• How blest is he who crowns, in shades like these,
    A youth of labour with an age of ease!
    GOLDSMITH: Deserted Village
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  • AGE
  • How ill white hairs become a fool and jester!
    I have long dream'd of such a kind of man,
    So surfeit-swell'd, so old, and so profane.
    SHAKESPEARE
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  • AGE
  • I have lived long enough: my way of life
    Is fall'n into the sear, the yellow leaf:
    And that which should accompany old age,
    As honour, love, obedience, troops of friends,
    I must not look to have.
    SHAKESPEARE
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  • AGE
  • I thought the remnant of mine age
    Should have been cherished by her childlike duty.
    SHAKESPEARE
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  • AGE
  • In life's last scene what prodigies surprise,
    Fears of the brave, and follies of the wise!
    From Marlb'rough's eyes the streams of dotage flow,
    And Swift expires a driv'ler and a show.
    DR. S. JOHNSON: Vanity of Human Wishes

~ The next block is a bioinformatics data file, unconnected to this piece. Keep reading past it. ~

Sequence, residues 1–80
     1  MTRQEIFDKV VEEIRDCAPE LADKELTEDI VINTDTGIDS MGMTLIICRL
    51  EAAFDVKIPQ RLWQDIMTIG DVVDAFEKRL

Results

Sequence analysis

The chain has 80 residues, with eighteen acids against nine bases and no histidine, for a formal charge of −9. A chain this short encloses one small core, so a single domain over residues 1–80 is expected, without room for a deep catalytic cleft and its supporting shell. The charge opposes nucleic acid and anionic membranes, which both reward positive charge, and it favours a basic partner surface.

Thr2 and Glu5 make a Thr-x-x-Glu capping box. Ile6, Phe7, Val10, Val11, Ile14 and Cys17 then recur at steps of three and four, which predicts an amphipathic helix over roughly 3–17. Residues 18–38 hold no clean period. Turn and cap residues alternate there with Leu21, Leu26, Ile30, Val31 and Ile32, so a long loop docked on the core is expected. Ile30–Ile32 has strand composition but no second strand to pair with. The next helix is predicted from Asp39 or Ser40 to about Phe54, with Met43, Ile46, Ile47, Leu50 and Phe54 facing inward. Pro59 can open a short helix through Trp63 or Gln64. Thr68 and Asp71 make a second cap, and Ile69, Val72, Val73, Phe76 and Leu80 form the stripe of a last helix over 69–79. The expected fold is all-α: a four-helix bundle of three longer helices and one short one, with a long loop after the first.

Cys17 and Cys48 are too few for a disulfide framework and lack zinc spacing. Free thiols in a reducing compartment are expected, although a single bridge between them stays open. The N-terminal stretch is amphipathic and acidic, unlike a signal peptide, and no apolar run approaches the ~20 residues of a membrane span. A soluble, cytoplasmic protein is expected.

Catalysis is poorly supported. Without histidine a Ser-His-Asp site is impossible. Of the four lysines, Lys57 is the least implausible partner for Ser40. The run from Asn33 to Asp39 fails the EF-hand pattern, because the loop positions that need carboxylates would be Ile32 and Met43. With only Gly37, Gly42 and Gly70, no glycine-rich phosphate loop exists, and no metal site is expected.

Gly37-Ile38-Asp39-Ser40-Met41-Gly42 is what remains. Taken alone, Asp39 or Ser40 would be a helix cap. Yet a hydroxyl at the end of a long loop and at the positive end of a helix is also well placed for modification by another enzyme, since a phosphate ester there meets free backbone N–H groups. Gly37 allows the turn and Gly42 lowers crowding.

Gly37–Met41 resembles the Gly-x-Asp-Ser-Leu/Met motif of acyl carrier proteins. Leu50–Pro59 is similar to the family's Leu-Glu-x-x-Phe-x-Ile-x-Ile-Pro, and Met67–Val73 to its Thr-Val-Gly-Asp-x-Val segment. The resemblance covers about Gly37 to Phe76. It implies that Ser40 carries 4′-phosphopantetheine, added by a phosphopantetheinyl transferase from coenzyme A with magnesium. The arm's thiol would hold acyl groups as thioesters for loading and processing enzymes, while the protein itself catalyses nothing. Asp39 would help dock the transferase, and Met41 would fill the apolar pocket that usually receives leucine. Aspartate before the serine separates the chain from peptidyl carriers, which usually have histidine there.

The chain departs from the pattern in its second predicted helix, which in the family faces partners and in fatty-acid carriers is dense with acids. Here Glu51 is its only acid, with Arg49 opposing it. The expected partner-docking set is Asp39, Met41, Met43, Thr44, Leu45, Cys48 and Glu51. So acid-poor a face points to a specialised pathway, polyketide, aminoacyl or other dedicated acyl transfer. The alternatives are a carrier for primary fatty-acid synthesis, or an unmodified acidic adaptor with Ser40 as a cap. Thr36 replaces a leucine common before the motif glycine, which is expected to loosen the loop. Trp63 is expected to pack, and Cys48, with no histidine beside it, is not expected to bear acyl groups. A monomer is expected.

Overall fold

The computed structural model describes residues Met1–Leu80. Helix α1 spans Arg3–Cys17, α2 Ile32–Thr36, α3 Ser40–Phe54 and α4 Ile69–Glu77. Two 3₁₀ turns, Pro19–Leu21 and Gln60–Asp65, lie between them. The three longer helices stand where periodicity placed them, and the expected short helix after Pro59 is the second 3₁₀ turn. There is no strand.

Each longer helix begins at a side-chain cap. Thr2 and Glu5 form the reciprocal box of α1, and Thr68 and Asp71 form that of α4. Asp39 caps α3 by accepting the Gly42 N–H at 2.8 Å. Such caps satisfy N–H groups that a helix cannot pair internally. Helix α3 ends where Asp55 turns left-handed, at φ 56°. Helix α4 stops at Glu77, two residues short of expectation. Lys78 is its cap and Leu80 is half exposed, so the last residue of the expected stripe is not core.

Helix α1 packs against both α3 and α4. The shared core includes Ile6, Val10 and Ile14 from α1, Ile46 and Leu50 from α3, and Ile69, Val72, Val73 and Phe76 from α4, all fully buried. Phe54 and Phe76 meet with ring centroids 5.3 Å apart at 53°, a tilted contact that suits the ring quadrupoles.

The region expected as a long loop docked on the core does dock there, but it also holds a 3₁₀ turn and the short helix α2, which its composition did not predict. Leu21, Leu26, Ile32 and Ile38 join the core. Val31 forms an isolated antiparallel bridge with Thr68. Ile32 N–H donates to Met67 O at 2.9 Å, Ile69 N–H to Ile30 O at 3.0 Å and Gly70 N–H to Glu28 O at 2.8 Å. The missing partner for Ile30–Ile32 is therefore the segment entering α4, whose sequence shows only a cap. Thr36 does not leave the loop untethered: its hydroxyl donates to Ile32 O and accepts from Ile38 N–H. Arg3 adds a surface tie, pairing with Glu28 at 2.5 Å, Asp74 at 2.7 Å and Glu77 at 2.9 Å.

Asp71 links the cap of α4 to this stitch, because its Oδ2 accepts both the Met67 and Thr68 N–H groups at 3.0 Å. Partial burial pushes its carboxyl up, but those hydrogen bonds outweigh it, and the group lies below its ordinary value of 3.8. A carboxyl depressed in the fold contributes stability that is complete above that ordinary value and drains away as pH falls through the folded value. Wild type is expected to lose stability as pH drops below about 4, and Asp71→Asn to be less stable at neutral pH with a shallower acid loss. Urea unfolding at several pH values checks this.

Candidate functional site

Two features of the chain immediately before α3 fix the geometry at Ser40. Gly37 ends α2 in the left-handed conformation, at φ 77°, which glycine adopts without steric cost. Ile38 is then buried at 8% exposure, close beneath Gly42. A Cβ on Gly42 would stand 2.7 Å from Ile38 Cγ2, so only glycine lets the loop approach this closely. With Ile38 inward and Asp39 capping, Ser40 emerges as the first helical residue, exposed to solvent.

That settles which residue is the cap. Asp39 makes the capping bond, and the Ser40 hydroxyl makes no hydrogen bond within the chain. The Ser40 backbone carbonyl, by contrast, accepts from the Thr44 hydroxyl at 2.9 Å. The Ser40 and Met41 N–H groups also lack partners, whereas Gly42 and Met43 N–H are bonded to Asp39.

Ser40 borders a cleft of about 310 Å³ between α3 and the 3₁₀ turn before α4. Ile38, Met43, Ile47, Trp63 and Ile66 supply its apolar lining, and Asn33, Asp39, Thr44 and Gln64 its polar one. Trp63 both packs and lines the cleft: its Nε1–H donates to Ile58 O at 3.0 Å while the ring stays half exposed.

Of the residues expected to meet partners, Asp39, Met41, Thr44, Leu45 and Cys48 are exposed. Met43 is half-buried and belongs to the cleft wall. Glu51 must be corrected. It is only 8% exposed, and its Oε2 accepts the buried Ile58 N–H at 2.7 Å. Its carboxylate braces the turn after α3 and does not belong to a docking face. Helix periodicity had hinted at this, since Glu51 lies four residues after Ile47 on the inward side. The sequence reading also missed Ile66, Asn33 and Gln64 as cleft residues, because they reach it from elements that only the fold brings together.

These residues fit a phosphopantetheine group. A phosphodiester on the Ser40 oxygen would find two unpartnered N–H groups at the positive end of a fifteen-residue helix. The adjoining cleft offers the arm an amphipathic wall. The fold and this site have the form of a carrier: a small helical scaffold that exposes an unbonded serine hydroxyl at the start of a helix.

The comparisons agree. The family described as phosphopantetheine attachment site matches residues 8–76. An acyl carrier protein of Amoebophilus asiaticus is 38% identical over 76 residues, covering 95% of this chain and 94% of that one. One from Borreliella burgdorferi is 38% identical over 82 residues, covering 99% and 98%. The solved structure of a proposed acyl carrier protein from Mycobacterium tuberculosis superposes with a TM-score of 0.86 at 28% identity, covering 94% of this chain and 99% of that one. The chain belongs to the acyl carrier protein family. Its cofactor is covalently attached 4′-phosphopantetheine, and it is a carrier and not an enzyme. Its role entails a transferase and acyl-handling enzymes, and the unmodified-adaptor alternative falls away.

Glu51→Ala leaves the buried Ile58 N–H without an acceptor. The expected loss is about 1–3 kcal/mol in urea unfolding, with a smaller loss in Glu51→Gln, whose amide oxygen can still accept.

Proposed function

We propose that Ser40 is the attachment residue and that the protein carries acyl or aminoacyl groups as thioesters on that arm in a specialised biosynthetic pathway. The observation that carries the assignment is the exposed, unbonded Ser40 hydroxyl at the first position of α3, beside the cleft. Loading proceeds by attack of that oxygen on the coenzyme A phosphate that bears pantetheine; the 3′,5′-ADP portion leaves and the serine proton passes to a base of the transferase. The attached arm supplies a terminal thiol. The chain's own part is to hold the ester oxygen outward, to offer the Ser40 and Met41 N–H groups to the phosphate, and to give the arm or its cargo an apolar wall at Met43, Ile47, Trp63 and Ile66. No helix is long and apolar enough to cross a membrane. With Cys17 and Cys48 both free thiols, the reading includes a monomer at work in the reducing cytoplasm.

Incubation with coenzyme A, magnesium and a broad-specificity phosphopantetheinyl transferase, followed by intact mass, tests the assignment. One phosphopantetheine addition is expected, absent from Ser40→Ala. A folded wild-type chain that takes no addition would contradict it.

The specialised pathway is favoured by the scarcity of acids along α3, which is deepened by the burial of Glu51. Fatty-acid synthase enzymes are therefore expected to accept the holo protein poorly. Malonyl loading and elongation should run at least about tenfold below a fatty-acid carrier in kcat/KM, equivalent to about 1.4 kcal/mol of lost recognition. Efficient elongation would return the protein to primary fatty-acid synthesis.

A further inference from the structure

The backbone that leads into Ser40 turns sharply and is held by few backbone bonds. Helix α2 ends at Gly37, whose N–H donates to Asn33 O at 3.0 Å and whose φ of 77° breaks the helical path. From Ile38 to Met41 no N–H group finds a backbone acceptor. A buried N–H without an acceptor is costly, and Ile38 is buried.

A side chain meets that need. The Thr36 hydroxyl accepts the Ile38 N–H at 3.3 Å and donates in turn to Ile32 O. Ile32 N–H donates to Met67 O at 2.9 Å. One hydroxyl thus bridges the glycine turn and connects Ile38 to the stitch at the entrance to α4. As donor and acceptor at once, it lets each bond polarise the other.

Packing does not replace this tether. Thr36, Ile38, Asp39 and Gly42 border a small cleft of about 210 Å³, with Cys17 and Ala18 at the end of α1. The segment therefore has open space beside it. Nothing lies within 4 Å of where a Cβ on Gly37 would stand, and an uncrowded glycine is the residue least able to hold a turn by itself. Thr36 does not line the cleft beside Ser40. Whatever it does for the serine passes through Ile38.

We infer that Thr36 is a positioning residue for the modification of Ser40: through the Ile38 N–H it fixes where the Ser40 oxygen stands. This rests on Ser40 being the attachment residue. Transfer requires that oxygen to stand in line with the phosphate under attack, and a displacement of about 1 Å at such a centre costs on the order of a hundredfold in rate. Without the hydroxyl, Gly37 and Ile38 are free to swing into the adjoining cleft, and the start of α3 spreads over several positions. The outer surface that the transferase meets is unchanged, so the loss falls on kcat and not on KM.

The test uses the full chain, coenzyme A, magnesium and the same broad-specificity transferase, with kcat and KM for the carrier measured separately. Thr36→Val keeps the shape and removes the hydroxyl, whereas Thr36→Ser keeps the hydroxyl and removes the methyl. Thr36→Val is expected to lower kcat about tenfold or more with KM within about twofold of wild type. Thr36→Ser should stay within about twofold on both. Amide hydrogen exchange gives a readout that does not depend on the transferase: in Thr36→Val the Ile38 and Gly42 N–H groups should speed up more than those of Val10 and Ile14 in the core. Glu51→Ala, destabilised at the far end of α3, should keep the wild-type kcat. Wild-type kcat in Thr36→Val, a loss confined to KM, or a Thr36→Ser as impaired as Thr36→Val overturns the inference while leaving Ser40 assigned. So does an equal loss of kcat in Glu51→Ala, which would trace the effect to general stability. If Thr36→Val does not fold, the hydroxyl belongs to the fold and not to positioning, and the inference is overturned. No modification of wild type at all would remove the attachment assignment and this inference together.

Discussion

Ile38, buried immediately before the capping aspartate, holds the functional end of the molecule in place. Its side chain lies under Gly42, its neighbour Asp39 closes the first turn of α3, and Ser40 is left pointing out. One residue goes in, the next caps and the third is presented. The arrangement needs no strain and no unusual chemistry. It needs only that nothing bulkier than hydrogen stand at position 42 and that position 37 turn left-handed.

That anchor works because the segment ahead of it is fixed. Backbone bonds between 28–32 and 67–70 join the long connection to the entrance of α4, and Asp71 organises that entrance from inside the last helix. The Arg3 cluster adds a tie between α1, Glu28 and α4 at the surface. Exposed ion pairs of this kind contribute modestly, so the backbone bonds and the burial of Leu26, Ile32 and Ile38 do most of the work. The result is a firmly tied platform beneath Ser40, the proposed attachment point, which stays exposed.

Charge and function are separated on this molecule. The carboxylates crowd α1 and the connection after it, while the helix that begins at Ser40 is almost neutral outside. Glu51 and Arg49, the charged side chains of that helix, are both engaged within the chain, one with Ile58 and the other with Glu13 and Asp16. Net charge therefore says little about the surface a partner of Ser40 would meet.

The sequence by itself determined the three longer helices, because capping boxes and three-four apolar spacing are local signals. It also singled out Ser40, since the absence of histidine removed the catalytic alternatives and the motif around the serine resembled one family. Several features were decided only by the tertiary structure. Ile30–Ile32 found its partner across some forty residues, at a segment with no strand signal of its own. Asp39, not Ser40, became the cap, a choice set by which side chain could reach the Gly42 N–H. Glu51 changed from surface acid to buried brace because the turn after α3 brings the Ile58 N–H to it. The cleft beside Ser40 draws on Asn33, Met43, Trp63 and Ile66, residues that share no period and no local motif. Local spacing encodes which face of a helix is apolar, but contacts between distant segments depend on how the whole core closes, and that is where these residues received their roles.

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  • AGE
  • In years he seem'd, but not impair'd by years.
    POPE
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  • AGE
  • Jove, grant me length of life, and years good store
    Heap on my bended back.
    DRYDEN
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  • AGE
  • Just in the gate
    Dwelt pale diseases and repining age.
    DRYDEN
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  • AGE
  • Kindness itself too weak a charm will prove
    To raise the feeble fires of aged love.
    PRIOR
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  • AGE
  • Last scene of all,
    That ends this strange eventful history,
    Is second childishness and mere oblivion;
    Sans teeth, sans eyes, sans taste, sans everything.
    SHAKESPEARE
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  • AGE
  • Learn to live well, or fairly make your will;
    You've play'd, and loved, and ate, and drank your fill:
    Walk sober off before a sprightlier age
    Comes tittering on, and shoves you from the stage:
    Leave such to trifle with more grace and ease,
    Whom folly pleases, and whose follies please.
    POPE
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  • AGE
  • Let him keep
    A hundred knights; yes, that on ev'ry dream,
    Each buz, each fancy, each complaint, dislike,
    He may enguard his dotage.
    SHAKESPEARE
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  • AGE
  • Let not old age disgrace my high desire,
    O heavenly soul, in human shape contain'd!
    Old wood inflamed doth yield the bravest fire,